Mod Squad Helps Rebuilding Together Central Ohio Expand its Impact

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After 27 years of making an impact, non-profit Rebuilding Together Central Ohio is turning to social enterprise to ensure they can continue helping individuals live in safe and healthy homes for the next 27 years and beyond.

Since its inception, RTCO has helped neighbors in need through home repair and maintenance programs. The new social enterprise, Mod Squad, will extend those specialities to young professionals, busy families, the DIY-averse, seniors and more through for-fee services that will help subsidize grants for the low-income seniors RTCO primarily serves.

The non-profit traces its beginnings back to 1991 when its maintenance services were concentrated into a one-day event. Rebuilding a Healthy Neighborhood mobilized volunteers to in-need neighborhoods to help area seniors make repairs and modifications to help them age in place.

Executive Director Julie Smith says the organization quickly realized that one day a year wasn’t enough. To help low-income seniors and homeowners with disabilities live comfortably and safely in their residences, RTCO launched Safe at Home in 2003. Through the program, skilled volunteers and professional contractors provide free emergency repairs and home modifications to qualifying homeowners year-round. Services range from adding grab bars and handrails, to plumbing and electrical work.

The new social enterprise builds on what RTCO is already know for, but appeals to a wider audience, which will, in turn, further the non-profit’s impact.

Mod Squad’s home maintenance specialists fill a niche in the world of contracting, focusing on smaller repairs and modifications.

“We’re really looking for people to just recognize that they want to maintain their homes and may have more modest needs,” Smith says.

Mod squad won’t dabble in full remodels, but instead perform services like putting in a new tub surround, installing grab bars or handrails, hanging blinds, fixing small roof leaks and replacing faucets or doorknobs.

“Our mission is very, very, simple,” Smith says. “We want everyone to live in a safe and healthy home.” By working with individuals with the means to pay for maintenance and modification services, they can pay it forward to low-income seniors that don’t have the means to help themselves.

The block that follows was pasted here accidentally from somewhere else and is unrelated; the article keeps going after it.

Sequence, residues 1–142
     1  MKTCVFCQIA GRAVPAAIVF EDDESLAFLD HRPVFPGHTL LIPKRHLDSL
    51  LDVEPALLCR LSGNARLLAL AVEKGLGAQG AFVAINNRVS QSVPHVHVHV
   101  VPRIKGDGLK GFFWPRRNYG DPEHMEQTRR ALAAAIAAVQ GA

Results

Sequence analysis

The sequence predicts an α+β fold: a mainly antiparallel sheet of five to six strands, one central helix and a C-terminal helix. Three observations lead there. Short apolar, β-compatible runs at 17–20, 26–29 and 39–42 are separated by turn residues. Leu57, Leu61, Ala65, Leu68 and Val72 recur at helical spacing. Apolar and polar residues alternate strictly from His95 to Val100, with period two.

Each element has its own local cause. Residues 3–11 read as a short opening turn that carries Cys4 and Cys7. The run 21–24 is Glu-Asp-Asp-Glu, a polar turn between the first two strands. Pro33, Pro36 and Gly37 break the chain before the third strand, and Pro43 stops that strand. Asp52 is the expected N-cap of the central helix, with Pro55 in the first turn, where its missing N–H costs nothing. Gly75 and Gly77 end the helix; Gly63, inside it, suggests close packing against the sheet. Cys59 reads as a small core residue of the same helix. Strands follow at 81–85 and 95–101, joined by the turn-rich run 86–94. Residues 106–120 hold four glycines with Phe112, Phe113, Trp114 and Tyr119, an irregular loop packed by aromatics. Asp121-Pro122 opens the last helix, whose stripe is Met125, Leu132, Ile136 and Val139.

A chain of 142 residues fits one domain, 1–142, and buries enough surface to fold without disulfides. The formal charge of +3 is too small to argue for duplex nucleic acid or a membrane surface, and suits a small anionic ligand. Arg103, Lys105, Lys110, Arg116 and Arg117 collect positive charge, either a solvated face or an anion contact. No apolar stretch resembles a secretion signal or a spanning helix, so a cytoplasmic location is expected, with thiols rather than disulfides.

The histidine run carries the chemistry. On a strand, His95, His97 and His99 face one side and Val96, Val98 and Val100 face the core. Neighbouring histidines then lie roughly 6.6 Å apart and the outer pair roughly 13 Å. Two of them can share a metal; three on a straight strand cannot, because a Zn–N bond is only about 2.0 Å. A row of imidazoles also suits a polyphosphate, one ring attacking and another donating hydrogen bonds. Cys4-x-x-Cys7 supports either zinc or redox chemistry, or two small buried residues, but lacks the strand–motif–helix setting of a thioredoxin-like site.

The reason Smith says they decided to explore a for-profit venture is simple.

“It’s just getting harder and harder to fund housing,” she says. There’s a growing need, too, with an aging population and housing stock.

In balancing RTCO’s workload they also discovered it was difficult to find maintenance contractors to work on small jobs that might be out of a homeowner’s wheelhouse but aren’t extensive remodels. To fill that niche, RTCO focused on versatility for Mod Squad’s maintenance specialists.

The non-profit had help developing their concept from both SocialVentures and C-Biz, a public-private partnership between Columbus City Council and The Ohio State University.

Mod Squad participated in SocialVentures’ SE Catalyst program, an immersive eight-month training experience designed to help nonprofits build social enterprises. Smith says it’s where they learned to think like a for-profit. When Smith entered the non-profit realm, deals were made on handshakes. She knows shifting their mindset will give RTCO a more professional and productive edge. Their core values of delivering a high-quality product and doing a job right the first time also translate well into the for-profit world.

RTCO’s Mod Squad was one of two businesses selected for the C-Biz program which connects the organizations with OSU students to provide consulting and analytical services.

The program’s students were critical in validating one of the most important aspects of any business.

“The first challenge in starting a social enterprise is to determine if there is a market for the product,” Smith says “The students did the market research to determine the audience and also made recommendations for marketing the product.”

Smith credits the students with providing a valuable perspective that helped shift the focus of the social enterprise.

“Students ask tricky questions- ones that made us sit back and reflect on who we are serving- we broadened our base because of their questions- not only serving seniors and physically challenged homeowners, but anyone needing home maintenance,” she says.

RTCO’s Mod Squad is already outpacing their expectations. Smith says they are getting enough calls to keep their tech busy and will be able to bring him on full-time and hire another individual sooner than expected. While they’re busy, Smith welcomes being even busier. As Mod Squad grows, more individuals all around will find themselves in safe and healthy homes.

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